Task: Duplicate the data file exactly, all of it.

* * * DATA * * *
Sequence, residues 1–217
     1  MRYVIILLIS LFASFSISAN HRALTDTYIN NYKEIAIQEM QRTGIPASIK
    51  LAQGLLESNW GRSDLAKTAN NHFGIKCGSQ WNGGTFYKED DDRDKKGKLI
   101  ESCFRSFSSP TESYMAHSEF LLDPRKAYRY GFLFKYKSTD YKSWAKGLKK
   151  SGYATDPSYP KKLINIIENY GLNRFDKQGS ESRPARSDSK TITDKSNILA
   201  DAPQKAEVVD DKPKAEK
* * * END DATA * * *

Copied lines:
Sequence, residues 1–217
     1  MRYVIILLIS LFASFSISAN HRALTDTYIN NYKEIAIQEM QRTGIPASIK
    51  LAQGLLESNW GRSDLAKTAN NHFGIKCGSQ WNGGTFYKED DDRDKKGKLI
   101  ESCFRSFSSP TESYMAHSEF LLDPRKAYRY GFLFKYKSTD YKSWAKGLKK
   151  SGYATDPSYP KKLINIIENY GLNRFDKQGS ESRPARSDSK TITDKSNILA
   201  DAPQKAEVVD DKPKAEK